NEW YORK, NY, JANUARY 31, 2008. As part of its ongoing efforts to do whatever it takes to speed delivery of transformative treatments and a cure for Parkinson's disease, The Michael J. Fox Foundation for Parkinson's Research has awarded up to $3 million in total funding to four industry teams seeking to push potential new PD treatments closer to the clinic. The awards were granted under MJFF's Therapeutics Development Initiative (TDI) program. Open exclusively to industry researchers, TDI is the cornerstone of the Foundation's efforts to expand industry investment in PD drug development. Through TDI, the Foundation shares the risk of drug development, thus helping to speed companies abilities to reach critical decision points for Parkinson's disease projects. Each of the four TDI grant awardees listed below will undertake research aimed at solving critical gaps in the development of new PD treatments.
"While industry plays a vital role in shepherding new therapeutics through the development process toward clinical trials and patients, competitive pressures and tough allocation decisions too often get in the way of making the kinds of 'big bets' necessary for breakthrough developments" said Katie Hood, CEO of The Michael J. Fox Foundation. "By funding industry partners directly, TDI seeks to advance promising treatments that might otherwise get stuck at the pre-clinical stage. Our capital may be comparatively modest, but it can serve as a 'carrot' to leverage companies expertise and infrastructure and speed the development of therapeutics that could have an immense impact on patients' quality of life."
While the Foundation has funded industry researchers since its inception, the Therapeutics Development Initiative was launched in 2006 as part of a larger initiative to capture the attention and imagination of company decision-makers and encourage them to allocate resources to Parkinson's projects. To date, of the approximately $21 million the Foundation has committed in total funding to industry, almost a third (nearly $8 million) has gone to 14 projects under TDI. The current round of awardees will focus on developing and optimizing new treatments targeting alpha-synuclein toxicity; chronic inflammation; trophic factors; and mitochondrial dysfunction.
Christine Bulawa, PhD, of FoldRx Pharmaceuticals Inc., will work to develop a disease-modifying drug that could block the toxicity associated with clumping of the protein alpha-synuclein, a hallmark of PD pathology. Dr. Bulawa's team has identified chemical compounds that protect neurons from alpha-synuclein toxicity and will now work with the compounds in a rodent model of Parkinson's. The researchers hope to identify promising small molecules that, with further optimization, can be developed into drug candidates to be tested in PD patients in clinical trials.
Chronic inflammation plays a role in the death of the dopamine-producing neurons that are lost in Parkinson's disease. Patrick Flood, PhD, of TheraLogics, Inc., and his group will test compounds that specifically target the inflammatory pathway in a PD animal model to determine whether certain drugs can protect against this neuronal loss. The team will assess whether blocking inflammation reverses destruction of dopamine-producing neurons, and actually leads to regeneration of these cells within the brain, to determine the most effective dose and timing for therapeutic intervention.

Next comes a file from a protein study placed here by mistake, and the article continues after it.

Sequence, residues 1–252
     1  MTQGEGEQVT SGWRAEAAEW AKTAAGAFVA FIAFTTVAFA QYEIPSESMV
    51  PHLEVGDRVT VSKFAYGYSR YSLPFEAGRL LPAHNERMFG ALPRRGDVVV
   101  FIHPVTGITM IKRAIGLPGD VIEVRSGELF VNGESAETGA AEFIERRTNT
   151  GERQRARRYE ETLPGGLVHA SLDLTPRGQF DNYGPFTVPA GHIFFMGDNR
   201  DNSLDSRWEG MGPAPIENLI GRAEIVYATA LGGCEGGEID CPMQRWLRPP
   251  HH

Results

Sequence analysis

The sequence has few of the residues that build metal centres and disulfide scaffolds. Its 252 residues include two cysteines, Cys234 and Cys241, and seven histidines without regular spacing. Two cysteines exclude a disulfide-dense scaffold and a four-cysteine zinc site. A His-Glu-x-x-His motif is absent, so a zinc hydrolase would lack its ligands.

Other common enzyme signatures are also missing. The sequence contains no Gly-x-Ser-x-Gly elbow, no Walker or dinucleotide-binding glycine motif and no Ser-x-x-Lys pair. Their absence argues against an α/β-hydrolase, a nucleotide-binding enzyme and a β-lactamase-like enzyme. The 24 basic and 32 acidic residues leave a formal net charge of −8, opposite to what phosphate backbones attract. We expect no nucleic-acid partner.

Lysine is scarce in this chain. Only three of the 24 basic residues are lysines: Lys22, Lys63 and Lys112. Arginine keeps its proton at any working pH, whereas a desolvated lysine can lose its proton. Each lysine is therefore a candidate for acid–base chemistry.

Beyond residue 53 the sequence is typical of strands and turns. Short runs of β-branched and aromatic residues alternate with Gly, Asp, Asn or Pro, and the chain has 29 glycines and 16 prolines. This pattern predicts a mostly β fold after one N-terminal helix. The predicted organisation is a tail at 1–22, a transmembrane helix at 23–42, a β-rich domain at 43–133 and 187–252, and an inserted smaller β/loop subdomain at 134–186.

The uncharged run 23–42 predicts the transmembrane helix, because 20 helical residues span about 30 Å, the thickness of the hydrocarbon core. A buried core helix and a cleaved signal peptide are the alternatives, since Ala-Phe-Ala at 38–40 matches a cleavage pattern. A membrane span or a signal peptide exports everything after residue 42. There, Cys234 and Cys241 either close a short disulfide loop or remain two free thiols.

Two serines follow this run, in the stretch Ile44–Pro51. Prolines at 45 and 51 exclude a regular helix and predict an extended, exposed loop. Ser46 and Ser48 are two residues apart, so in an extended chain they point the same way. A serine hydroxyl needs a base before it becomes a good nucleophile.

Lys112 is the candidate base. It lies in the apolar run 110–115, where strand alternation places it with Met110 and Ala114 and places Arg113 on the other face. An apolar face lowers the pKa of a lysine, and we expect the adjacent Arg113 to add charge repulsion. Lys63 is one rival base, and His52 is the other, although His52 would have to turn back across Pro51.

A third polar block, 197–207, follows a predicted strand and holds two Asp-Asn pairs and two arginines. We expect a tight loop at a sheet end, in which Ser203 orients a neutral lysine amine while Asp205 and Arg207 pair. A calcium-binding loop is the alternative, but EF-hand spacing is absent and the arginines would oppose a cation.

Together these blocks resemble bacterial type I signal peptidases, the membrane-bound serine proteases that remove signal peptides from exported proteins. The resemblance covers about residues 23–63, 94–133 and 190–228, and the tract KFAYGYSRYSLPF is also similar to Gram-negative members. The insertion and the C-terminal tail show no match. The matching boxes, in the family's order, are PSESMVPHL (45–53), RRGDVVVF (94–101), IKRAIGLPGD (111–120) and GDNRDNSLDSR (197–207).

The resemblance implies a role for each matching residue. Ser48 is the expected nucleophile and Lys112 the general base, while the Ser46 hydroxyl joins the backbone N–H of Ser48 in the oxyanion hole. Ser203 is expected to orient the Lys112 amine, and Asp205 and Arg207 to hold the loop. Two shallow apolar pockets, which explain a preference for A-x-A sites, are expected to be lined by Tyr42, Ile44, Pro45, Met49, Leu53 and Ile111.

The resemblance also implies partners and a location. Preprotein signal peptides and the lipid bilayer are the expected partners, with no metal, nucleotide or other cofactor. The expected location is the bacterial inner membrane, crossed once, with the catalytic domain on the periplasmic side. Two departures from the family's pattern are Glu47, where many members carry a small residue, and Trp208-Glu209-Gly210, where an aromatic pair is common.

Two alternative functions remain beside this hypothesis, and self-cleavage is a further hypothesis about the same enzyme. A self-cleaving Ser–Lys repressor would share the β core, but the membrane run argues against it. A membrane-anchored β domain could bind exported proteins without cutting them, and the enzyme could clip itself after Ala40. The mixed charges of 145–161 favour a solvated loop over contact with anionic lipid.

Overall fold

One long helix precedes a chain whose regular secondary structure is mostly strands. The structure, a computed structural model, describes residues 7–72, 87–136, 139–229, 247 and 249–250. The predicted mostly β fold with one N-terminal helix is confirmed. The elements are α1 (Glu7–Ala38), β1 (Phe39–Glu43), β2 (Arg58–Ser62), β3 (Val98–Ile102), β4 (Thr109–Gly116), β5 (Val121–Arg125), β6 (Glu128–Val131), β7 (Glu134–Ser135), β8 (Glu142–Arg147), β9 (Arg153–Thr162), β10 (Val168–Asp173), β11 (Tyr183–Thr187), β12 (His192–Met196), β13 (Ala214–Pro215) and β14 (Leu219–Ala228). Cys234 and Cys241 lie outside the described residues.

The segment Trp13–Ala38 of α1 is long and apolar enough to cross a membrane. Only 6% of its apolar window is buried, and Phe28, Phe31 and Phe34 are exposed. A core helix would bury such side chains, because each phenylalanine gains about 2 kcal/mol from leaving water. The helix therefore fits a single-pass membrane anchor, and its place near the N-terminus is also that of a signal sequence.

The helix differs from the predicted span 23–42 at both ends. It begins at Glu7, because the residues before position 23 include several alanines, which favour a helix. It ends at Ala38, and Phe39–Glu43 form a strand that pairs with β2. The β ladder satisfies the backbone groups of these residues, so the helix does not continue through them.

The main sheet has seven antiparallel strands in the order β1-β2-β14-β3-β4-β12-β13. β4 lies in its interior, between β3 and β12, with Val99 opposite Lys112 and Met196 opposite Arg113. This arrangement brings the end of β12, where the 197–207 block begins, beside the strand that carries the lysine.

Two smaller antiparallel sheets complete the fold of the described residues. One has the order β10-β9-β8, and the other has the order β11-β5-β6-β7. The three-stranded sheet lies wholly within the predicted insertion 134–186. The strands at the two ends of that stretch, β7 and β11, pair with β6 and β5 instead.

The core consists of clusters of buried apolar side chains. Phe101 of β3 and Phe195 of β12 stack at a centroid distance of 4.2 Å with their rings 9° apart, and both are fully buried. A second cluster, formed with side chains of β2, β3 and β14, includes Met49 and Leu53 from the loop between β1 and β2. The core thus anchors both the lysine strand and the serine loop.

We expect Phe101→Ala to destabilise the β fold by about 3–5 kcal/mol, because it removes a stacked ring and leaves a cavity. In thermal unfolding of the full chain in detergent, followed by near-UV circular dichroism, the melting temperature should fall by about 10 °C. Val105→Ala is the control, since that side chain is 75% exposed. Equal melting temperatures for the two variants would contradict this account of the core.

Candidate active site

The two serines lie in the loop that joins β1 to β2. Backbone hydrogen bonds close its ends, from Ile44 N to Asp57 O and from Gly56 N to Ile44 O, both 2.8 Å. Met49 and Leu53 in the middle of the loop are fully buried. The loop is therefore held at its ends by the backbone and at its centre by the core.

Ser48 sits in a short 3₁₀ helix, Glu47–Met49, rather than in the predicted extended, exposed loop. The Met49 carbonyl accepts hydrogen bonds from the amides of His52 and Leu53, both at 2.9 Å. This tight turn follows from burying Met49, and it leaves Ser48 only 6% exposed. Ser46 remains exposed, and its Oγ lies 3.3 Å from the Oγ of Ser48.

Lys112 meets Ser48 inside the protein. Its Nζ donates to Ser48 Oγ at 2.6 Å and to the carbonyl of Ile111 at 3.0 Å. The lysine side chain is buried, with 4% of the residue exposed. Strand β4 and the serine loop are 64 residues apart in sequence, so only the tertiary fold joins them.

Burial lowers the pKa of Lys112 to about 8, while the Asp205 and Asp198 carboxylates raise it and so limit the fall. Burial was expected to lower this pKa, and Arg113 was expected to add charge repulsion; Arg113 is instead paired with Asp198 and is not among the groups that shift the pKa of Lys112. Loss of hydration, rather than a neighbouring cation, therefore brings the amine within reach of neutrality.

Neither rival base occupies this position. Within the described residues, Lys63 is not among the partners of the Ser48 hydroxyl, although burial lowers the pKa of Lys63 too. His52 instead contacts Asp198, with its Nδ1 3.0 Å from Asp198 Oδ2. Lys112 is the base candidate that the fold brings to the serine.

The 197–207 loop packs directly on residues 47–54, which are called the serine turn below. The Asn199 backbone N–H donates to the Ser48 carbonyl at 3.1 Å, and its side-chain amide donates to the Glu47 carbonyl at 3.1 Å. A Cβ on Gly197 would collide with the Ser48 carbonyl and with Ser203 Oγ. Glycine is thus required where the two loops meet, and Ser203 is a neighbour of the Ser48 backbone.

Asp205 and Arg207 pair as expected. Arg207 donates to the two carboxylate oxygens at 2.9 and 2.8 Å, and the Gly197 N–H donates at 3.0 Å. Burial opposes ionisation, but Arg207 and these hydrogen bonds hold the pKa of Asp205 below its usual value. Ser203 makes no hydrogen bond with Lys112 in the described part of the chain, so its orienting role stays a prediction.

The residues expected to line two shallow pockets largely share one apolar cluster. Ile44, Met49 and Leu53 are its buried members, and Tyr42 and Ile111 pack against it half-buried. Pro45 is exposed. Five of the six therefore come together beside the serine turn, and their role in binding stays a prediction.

The blood-brain barrier is a thin layer of tightly packed cells separating the central nervous system from the body's bloodstream. This layer is crucial to protecting the brain from foreign substances, but also poses a major challenge in delivering potentially therapeutic treatments via orally administered drugs. Antonia Orsi, PhD, and her team from Phytopharm have developed a small orally active molecule that crosses the blood-brain barrier. In vivo and in vitro, the molecule increases levels of trophic factors, specialized proteins that potently promote survival of neurons. The team has already demonstrated that the compound can increase the number of dopaminergic neurons in a mouse model of PD. The goal now is to gain greater understanding of the neurorestorative properties of this compound in mice and, if successful, test the compound in a primate model of Parkinson's disease.
Mitochondria are the "energy factories" of body cells. It is believed that mitochondrial function is decreased in people with Parkinson's disease and that mitochondrial toxins induce parkinsonian symptoms in animal models. Rebecca Pruss, PhD, and her colleagues at Trophos are developing unique compounds that improve mitochondrial function and that are currently being evaluated in patients for the treatment of ALS and diabetic neuropathy. Dr. Pruss will test whether these compounds are neuroprotective in an animal model of Parkinson's disease.
|Contact: Dana Barde|
The Michael J. Fox Foundation for Parkinson's Research